Apomixis, hybridisation, polyploidy and crossability in the genus Fragaria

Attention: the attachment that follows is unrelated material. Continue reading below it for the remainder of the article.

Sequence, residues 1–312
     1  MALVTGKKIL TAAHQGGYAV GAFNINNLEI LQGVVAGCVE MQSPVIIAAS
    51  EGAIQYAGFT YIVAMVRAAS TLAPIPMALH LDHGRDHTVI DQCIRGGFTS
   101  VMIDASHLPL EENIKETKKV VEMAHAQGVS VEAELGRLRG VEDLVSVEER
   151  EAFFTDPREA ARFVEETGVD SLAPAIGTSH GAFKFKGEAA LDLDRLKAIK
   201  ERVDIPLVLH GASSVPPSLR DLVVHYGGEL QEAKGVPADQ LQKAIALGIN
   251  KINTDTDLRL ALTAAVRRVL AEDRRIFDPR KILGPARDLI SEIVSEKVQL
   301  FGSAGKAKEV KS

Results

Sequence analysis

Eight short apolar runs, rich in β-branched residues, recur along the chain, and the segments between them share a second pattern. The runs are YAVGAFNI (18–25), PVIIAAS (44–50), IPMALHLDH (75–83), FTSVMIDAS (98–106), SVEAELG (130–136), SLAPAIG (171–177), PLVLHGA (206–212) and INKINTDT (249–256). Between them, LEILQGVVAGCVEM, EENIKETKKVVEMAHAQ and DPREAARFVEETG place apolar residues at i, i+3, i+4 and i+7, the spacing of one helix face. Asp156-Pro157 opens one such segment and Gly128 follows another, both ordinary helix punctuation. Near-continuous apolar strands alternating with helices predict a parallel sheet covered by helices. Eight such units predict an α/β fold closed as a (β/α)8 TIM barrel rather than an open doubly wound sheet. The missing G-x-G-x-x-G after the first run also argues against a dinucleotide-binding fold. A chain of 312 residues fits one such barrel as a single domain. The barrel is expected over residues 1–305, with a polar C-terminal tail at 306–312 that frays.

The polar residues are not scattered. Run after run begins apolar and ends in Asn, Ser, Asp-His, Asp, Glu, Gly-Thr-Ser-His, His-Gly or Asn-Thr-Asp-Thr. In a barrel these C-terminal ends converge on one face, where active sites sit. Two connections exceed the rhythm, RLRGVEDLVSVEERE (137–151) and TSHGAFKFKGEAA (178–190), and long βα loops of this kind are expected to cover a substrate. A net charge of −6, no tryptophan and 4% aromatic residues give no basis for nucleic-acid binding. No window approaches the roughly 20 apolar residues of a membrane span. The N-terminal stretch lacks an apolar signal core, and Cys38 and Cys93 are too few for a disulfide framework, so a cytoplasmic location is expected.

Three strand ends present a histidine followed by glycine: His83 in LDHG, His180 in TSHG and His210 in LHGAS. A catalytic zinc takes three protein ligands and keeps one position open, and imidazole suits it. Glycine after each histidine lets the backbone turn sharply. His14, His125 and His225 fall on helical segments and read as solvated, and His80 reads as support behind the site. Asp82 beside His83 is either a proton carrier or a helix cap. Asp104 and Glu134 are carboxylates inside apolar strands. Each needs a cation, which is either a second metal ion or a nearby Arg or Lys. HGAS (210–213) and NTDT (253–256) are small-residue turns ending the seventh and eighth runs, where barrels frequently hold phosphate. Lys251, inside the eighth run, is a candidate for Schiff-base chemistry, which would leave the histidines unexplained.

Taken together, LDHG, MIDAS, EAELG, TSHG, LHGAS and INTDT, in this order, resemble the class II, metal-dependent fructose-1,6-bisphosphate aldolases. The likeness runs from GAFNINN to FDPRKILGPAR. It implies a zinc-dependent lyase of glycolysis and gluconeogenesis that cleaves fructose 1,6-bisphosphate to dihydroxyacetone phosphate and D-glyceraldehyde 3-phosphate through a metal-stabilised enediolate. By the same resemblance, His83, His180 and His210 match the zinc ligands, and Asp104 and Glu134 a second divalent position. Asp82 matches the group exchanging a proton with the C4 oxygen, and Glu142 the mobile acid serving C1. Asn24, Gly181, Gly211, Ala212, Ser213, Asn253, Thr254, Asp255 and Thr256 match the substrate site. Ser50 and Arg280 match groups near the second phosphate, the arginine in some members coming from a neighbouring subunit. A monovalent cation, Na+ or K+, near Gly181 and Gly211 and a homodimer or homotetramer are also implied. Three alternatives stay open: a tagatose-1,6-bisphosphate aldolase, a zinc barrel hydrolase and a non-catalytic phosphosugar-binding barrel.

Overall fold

The relationship of parental genetic distance with cross success and progeny fitness was investigated in crosses made within diploid Fragaria. The mean values for all three components of success rate of crosses (measured as berry set, achene set and seed germination) at intra- and interspecific levels were not correlated with parental genetic distance. While mean berry set and seed germination at cross types was not affected by parental genetic distance, mean achene set was higher in crosses with intermediate genetic distance and lower in crosses between both more closely and more distantly related taxa, suggesting both inbreeding and outbreeding depression effect on achene set. Three components of progeny fitness (assessed as progeny flowering frequency, berry set and pollen sterility) were strongly correlated with parental genetic distance in both intra- and interspecific crosses. By increasing parental genetic distance, flowering frequency and berry set consistently decreased while pollen sterility increased. Therefore, outbreeding depression has strongly affected all three components of progeny fitness. Marked outbreeding depression was evident on flowering frequency and berry set at very short genetic distances between subspecies, and even within subspecies at forma levels, while it was not evident in pollen sterility of progeny at short genetic distance within subspecies. Highly male sterile plants were found among progeny from crosses within F. vesca ssp. Vesca. As the plants had high levels of berry set, the occurrence of high male sterility among progeny from more closely related taxa could be interpreted as a result of hermaphroditism suppression and evidence of a trend towards gynodioecy in this taxon.